Beautiful Web Pages Made Easy With Adobe Spark Page

This is not the first time I have written about Adobe Spark. For last year’s 30 tools in 30 days, I reviewed both Spark Post and Spark Video. You can read my review of Post and Video by following the links. However, I did not review the final tool in this suite – Spark Page.

Visual Portfolios and Digital Stories

Adobe Spark Page gives you the same simple tools you find in Post and Video. In a short time, you can create visually stunning web pages. Like Post and Video, Spark Page’s main focus is on the images. There are several tools to help you create a page that highlights your images.

Here are a couple of examples of pages made using Adobe Page.

The first I created for the STEM Read Podcast to display pictures we took while recording an episode with author/illustrator Tom Lichtenheld and Dr. Rhonda Robinson. (Here is a link to the episode if you would like to give it a listen.) The second is a sample of my photography and the third is my daughter’s art portfolio.

You can see from the examples that the pages you create are more than just static web pages. There are some nice scrolling and image display features. Want to see more, check out their inspiration gallery.

Key Features

Make Images  Videos and Web Stories for Free in Minutes   Adobe Spark.png
Adobe Spark Page – Easy Editing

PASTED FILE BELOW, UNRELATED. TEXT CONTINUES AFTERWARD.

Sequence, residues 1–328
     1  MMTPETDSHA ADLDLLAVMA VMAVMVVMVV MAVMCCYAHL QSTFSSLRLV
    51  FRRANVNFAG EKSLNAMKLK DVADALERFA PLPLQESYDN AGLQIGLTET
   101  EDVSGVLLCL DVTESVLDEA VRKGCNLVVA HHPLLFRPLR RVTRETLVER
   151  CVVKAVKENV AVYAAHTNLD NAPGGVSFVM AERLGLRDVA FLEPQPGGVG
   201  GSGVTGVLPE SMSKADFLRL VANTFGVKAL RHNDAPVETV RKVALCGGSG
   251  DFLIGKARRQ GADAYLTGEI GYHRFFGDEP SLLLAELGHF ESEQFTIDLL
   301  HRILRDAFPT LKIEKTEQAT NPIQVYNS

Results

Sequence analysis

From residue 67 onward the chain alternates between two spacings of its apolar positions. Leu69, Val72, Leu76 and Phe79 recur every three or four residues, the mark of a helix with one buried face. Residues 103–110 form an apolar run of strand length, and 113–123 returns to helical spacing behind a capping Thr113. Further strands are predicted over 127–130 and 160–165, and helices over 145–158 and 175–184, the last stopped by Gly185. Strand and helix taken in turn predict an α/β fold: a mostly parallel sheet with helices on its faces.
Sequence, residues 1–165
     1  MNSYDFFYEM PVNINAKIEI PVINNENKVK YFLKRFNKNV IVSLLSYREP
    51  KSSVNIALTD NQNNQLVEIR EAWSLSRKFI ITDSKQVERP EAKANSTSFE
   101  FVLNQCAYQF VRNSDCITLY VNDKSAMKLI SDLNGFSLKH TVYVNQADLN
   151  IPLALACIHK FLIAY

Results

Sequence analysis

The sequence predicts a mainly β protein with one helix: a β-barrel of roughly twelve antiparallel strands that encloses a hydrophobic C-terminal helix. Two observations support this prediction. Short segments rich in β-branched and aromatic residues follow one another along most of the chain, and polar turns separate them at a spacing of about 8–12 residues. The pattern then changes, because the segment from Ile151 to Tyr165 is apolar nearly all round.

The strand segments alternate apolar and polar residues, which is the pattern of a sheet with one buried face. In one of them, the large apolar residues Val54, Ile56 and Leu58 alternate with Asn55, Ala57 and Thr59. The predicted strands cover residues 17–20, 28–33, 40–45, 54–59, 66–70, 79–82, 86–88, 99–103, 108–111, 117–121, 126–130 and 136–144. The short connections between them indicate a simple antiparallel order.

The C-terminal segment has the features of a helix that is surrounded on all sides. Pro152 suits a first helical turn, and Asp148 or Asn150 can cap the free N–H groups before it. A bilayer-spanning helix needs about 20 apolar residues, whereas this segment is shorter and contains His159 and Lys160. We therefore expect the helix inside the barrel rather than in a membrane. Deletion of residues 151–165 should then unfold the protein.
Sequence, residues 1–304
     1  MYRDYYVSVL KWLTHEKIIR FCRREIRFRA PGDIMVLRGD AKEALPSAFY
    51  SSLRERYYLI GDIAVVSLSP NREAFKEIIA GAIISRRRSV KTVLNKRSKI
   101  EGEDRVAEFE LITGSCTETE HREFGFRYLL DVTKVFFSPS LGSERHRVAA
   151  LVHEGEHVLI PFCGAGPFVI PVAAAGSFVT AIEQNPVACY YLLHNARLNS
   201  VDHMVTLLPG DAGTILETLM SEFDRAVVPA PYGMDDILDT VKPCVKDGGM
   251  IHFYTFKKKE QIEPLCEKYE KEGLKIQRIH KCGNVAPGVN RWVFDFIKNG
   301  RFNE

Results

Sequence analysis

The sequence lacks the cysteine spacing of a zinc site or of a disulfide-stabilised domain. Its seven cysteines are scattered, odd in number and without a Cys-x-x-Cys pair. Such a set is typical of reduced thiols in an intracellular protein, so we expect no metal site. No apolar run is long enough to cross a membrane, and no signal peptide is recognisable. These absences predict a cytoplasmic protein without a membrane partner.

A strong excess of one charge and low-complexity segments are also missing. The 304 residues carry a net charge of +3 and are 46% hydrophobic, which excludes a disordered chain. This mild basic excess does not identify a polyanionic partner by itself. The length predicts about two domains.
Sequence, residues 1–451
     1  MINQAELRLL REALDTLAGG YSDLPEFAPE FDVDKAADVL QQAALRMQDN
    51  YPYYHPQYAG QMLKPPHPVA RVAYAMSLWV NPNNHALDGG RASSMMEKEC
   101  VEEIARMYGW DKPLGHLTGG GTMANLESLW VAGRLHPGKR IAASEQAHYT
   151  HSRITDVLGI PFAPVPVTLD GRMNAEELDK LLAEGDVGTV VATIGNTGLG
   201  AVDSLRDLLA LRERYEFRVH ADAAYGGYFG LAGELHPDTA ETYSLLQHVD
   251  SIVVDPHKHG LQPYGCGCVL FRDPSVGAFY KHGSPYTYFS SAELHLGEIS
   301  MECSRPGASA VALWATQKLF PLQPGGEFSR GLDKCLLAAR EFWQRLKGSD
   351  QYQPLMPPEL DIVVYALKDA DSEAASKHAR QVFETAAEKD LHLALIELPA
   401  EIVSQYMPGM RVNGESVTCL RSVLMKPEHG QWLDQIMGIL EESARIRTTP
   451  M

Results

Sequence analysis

Adobe page has a ton of features that make this an easy tool for building a visual web page.

  • Formatted blocks – You build your web page in blocks. You can select the type of block you want and then add your images, text, video, or buttons.
  • Embed videos – You can add videos easily to your site. Create videos with Spark video and then add them to your page. with a simple click.
  • Upload images from anywhere – Not only can you upload images from your computer, Spark Pages also connects to Lightbox, Dropbox, Google Photos, and Google Drive. If you don’t have your own images, you can search through Adobe’s bank of stock images.
  • Apply Themes – Change the look and feel of your page by applying different themes. If you have a paid account, you can set up a custom theme using your brand management settings.
  • Free – Just like the other Spark tools, Page is free. However, you can upgrade to the premium account if you want to manage the look and feel of your brand and remove any Adobe branding. Read more about the pricing on their Pricing Page.
  • Adobe Hosting – Adobe hosts all of the pages you create using page. You do not need an external host.
  • Sharing – When you publish your page, you get a shareable link. You can also share your page through Facebook, Twitter, Google Classroom, or email.
  • Link updating – If you update or modify your page, you can update the link to push out the changes. No new URL needed.